If you haven’t nailed down the fundamentals of infant sleep yet, you’ll probably be amazed at how a few simple steps can transform your baby into a peaceful little prince. To help your baby get a better night’s sleep, the right place to start is with the basics. 


Create a bedtime routine. Setting up a regular sleep schedule makes things predictable and ensures that your baby knows when sleep is coming. Before bedtime, create a regular routine that you go through together. Maybe it’s taking a bath, reading a book, or listening to some quiet music. Whatever you choose, go for activities that reduce stimulation and help your little one relax.


Separate daytime and nighttime. If your baby frequently wakes up crying at night, she may not be learning to associate nighttime with sleep and daytime with waking activities. Helping her form this association can cut down on midnight crying fits. Anytime your baby is sleeping, keep the room quiet and dark. Just turn on a dim nightlight if you need to check on her. Respond to her as quickly and quietly as you can, then let her get back to sleep on her own.


Put your baby to bed drowsy but awake. “Drowsy but awake” is a simple but powerful method to ensure your child gets practice self-soothing. When you lay your baby down in the crib, make sure she’s calm and ready to settle down on her own, but not yet asleep. By allowing your baby to fall asleep by herself, you’ll give her consistent practice settling down without your help.


Are you part of the problem?

One last thing. We still haven’t tackled the biggest barrier to self-soothing: you.


Almost all babies will learn to self-soothe on their own if left alone to fall asleep in a drowsy, relaxed, awake state.


But what happens next?

There will be tears. You can take that to the bank. Some nights, you’ll lay down your little angel, close the door, and hear crying right away. The question is, what do you do?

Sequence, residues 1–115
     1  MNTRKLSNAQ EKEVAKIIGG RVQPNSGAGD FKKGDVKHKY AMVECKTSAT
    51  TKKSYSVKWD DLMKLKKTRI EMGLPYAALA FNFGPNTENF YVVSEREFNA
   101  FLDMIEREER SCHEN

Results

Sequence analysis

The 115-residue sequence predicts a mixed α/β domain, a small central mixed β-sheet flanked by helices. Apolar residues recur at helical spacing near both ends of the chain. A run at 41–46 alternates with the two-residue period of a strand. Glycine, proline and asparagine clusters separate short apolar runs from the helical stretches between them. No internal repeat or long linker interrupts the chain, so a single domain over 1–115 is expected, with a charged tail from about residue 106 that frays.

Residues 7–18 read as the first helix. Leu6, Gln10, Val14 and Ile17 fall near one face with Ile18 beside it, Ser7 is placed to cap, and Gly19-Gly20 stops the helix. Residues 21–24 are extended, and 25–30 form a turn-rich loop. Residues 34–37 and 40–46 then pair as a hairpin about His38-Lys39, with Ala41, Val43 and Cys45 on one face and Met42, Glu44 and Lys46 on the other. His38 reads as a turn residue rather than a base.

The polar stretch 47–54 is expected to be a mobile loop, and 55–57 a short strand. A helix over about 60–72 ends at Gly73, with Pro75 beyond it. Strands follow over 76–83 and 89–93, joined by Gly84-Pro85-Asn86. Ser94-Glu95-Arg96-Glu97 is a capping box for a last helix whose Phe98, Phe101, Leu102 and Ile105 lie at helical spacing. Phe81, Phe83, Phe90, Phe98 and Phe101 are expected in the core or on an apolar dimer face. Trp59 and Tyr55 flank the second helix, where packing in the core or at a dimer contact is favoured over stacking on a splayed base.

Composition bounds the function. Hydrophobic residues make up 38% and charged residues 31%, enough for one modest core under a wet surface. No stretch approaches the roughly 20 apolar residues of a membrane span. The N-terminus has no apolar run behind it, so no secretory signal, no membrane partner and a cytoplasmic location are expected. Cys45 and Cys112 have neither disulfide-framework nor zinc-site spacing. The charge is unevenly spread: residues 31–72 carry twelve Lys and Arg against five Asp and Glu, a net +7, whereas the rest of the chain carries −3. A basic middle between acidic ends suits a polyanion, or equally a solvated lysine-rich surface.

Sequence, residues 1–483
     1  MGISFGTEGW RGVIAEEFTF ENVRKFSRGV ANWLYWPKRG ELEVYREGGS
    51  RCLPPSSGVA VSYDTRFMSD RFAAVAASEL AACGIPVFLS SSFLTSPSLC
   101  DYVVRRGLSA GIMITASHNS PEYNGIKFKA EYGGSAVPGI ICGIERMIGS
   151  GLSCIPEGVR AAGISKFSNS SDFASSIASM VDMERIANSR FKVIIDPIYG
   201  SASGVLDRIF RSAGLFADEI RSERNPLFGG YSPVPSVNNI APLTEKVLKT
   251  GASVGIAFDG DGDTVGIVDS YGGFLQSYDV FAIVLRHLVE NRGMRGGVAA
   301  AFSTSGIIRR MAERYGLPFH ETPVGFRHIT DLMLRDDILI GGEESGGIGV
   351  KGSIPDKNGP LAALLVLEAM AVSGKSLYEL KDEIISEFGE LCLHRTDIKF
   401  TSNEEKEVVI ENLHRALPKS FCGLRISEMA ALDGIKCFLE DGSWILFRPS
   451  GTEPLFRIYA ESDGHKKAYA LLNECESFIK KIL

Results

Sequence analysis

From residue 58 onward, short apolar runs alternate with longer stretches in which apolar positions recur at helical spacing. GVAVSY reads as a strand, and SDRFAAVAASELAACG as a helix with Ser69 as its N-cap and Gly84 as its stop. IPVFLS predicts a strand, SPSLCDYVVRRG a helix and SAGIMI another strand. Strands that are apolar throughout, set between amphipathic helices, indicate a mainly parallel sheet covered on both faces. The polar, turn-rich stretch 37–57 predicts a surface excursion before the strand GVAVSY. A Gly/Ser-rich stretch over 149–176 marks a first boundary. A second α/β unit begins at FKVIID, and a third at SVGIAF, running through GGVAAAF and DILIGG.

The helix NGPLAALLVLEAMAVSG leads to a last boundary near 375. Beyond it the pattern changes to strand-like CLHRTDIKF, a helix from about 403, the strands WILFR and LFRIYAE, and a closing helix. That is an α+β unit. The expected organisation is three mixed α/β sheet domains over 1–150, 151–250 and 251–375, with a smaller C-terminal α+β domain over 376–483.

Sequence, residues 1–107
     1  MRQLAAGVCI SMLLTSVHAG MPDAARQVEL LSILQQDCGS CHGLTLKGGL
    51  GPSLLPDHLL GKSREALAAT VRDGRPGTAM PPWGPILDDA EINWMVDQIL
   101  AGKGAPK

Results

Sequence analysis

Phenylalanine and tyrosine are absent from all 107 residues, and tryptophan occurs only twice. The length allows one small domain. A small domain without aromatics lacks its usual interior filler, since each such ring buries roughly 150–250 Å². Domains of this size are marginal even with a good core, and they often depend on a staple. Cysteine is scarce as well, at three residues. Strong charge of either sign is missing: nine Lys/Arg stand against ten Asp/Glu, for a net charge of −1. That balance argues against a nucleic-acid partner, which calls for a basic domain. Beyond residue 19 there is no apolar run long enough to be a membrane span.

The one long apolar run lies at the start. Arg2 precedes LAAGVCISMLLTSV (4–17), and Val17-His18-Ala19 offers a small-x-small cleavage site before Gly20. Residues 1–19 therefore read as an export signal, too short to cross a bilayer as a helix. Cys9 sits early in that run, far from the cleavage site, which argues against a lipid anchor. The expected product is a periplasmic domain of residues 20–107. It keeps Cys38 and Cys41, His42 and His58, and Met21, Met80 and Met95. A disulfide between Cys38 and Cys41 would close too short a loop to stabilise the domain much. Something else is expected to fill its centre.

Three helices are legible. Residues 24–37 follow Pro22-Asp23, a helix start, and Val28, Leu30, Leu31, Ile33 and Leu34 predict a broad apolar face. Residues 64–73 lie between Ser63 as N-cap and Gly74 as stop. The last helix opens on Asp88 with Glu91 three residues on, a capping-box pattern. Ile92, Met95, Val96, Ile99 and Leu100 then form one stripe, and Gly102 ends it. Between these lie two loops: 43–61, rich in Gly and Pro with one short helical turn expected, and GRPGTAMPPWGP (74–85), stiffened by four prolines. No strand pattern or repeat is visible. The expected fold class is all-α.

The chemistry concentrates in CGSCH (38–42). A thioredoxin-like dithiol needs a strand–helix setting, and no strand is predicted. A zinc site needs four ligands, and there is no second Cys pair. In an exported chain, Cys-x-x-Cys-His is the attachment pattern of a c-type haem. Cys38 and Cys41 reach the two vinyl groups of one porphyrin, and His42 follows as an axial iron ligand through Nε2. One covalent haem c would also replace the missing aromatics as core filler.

Let’s be honest. When you hear your baby crying, it’s only natural to come running and comfort her. That’s your instinct as a parent: to protect your little one.


But if you do that, you’re not teaching her to self-soothe. And you’re not getting any closer to more peaceful nights for yourself, either.


The fact is, even at this early age, your little one needs to start learning to be independent and solve her own problems. What does she learn when she cries and you immediately come running? “This big special person takes care of me when I start crying.” And next time she wakes up feeling antsy, you know what she’ll do.


Now, if you don’t come running? “Damn. That big special person didn’t come for me. What’s up with that? I’ll keep it up and see if that gets her to come… No? … Still no? Hmm. I guess I’ll try something else.” And eventually — maybe after ten or fifteen minutes — she’ll settle in and fall asleep.


High five. Pour yourself a glass of wine. Time for This is Us.

You’ve got this!


You won’t magically turn things around in one night.

But stay consistent, and your little angel will be sleeping soundly… sooner than you ever thought possible.


If you’ve tried these strategies and your baby wakes up screaming on the regular, it might be time for extra support. I’ve helped countless families just like yours get a better night’s sleep. Take a look at my sleep packages to find out more! 


baby wakes up screaming